Academic journal article The Chronicle of the Early American Industries Association, Inc.

2004 Annual Meeting Awards

Academic journal article The Chronicle of the Early American Industries Association, Inc.

2004 Annual Meeting Awards

Article excerpt

Long Time Service Awards, J.D. Hatch Award Honor Four

Three awards were presented on Saturday, May 15, 2004, at the Double Tree Hotel In Wilmington, Delaware, at the business meeting following the banquet.



Terry Hansen has been with us since 1985. In the fall of 1994 he applied for the job of editing Shavings. It was his first effort at editing a periodical; however, his doctorate in English and experience as a college teacher had prepared him well.

Since his first issue for March/April 1995 we all have appreciated his efforts to produce Shavings. For the past nine years (except for the last 1998 issue when undergoing extensive chemotherapy and a bone marrow transplant) he has spent every other month putting material together. An average of 35-40 hours goes into putting together each issue. He tells us that he is rarely at a loss for material and apologizes that most of the time there is too much material. Some never gets into Shavings.

Terry Hansen lives just outside Fort Smith, Arkansas. he is fifty-six years old, married with two children-a fourteen-year-old daughter and an eleven-year-old son. he has been a teacher most of his adult life, teaching composition and American literature in a junior college. The effects from cancer forced his retirement in 1998. His wife is the metro editor of the Times Record, Fort Smith's daily newspaper.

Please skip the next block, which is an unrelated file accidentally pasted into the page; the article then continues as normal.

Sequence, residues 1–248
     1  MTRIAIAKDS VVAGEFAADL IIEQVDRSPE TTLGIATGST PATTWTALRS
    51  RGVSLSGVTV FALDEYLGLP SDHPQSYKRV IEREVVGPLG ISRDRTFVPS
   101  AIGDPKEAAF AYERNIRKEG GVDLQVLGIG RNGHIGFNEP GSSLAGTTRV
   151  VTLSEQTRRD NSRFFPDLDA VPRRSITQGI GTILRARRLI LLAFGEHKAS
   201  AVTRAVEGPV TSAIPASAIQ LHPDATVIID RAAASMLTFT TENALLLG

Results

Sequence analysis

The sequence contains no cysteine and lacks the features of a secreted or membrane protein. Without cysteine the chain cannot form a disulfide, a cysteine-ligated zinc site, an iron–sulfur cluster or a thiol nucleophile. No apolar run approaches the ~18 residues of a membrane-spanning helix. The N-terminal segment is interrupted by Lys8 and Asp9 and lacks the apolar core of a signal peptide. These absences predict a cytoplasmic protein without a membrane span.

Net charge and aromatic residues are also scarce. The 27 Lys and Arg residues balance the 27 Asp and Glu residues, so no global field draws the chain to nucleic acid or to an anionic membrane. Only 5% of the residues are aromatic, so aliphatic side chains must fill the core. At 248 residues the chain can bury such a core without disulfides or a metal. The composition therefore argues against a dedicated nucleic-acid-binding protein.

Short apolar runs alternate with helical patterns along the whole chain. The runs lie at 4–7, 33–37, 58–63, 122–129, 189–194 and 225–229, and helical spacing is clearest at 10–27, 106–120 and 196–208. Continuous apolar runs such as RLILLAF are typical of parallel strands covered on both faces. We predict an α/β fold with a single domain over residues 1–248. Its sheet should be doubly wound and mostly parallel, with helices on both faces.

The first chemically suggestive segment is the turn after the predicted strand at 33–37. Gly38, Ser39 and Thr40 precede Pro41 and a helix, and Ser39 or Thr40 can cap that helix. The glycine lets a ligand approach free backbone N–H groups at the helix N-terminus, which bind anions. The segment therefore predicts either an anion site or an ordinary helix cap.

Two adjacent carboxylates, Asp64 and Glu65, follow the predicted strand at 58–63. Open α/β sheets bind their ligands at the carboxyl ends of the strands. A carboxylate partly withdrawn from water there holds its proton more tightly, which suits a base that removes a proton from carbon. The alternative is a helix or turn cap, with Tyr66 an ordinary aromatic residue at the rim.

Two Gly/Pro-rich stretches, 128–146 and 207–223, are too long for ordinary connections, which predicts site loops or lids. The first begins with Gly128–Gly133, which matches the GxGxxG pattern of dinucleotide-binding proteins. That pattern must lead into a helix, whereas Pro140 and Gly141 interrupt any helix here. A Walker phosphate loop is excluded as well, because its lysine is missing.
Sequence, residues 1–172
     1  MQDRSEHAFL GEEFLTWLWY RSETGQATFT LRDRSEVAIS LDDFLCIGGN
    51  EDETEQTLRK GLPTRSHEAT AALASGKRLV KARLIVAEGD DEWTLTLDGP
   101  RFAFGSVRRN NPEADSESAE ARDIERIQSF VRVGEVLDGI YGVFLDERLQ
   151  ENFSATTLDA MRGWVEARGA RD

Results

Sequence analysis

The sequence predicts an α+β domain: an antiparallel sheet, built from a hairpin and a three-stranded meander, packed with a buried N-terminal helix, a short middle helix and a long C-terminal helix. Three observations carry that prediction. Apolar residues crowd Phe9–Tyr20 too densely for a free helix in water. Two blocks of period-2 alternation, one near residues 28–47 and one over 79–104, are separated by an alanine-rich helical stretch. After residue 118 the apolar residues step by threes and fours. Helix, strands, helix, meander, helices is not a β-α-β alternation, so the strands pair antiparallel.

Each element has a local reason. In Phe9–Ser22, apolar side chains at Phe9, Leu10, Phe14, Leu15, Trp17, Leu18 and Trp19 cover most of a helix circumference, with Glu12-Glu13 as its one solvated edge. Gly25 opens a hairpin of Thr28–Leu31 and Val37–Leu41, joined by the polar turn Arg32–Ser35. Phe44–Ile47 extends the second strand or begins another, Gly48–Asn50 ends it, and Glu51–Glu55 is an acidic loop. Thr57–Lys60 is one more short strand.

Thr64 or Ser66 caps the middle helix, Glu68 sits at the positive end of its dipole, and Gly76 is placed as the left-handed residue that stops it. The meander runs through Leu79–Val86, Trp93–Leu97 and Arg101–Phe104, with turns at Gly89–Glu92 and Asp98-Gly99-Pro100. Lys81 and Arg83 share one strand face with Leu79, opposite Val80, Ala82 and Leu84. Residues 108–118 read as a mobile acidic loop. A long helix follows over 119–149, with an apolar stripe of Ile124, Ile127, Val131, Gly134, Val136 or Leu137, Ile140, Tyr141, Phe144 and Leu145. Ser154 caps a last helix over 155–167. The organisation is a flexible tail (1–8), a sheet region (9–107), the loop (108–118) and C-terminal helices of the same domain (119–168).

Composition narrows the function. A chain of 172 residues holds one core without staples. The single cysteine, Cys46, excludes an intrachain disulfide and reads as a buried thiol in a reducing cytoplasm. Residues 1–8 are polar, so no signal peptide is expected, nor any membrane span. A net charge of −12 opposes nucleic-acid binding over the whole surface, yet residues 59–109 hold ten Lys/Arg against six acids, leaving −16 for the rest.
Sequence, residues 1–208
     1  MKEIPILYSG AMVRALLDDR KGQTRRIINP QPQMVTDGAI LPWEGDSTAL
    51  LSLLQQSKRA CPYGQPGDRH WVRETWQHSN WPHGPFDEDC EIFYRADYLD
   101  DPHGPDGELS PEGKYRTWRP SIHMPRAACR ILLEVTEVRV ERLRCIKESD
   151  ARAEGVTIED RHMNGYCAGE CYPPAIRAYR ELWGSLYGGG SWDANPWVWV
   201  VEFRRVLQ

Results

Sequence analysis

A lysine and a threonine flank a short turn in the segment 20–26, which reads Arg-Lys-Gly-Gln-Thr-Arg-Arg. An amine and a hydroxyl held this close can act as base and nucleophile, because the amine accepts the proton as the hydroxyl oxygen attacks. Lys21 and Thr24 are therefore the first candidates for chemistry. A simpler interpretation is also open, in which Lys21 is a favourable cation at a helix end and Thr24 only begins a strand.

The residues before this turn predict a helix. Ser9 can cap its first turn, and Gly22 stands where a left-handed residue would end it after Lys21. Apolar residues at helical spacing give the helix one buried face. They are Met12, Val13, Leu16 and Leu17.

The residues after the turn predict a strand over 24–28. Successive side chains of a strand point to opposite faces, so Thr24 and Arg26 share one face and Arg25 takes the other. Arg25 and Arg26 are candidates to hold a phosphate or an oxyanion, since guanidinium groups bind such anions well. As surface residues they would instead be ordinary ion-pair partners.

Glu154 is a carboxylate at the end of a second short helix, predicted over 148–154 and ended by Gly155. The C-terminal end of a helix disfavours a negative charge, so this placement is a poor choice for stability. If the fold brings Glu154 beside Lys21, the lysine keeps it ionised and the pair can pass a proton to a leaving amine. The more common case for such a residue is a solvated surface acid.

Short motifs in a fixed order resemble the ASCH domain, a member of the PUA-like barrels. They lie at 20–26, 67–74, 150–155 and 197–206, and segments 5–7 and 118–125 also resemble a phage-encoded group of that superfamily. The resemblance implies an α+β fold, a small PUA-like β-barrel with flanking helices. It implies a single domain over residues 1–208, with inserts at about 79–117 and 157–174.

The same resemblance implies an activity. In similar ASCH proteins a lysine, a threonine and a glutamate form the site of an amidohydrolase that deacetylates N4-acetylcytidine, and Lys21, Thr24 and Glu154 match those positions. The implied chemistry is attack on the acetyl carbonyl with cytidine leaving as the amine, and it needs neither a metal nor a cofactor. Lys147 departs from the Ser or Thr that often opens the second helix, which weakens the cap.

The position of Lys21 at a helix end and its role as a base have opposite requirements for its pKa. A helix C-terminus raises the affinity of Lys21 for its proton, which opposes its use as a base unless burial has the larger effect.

Not long after he earned his degree, he realized he was as much interested in hand tools and woodworking as in American literature. His interest in hand tools comes from two events which happened about graduation time. he needed a bookcase and then he decided he could build one better than the K-Mart models that were afforded on a graduate school's salary. He was hooked.

After the bookcase, he soon began to build other things in his spare time. His biggest and most ambitious project was a 12' x 14' portable shed that he used as a workshop. It was designed so that it could be disassembled, put in the back of a U-Haul, and set up somewhere else.

The projects he is most proud of are his workbench and the two cradles he made for his children when they were born. Since the onset of cancer he has been somewhat limited in his choice of projects and has turned more to collecting than building.

It is important to Terry that Shavings looks as attractive and inviting to read as possible. Terry has stated that, "The EAIA is too important an organization; it's crucial our publications reflect our leadership in the tool world."

Terry was not able to attend the meeting, and Toby Hall accepted the award for him.

Don Riley, Presenter


Bill McMillen was practically born a member of EAIA. His father, Loring McMillen, joined the EAIA in 1933, not at the first meeting but later in that year after after reading about this new group in the New York City newspapers. Loring remained active until his death in 1991. …

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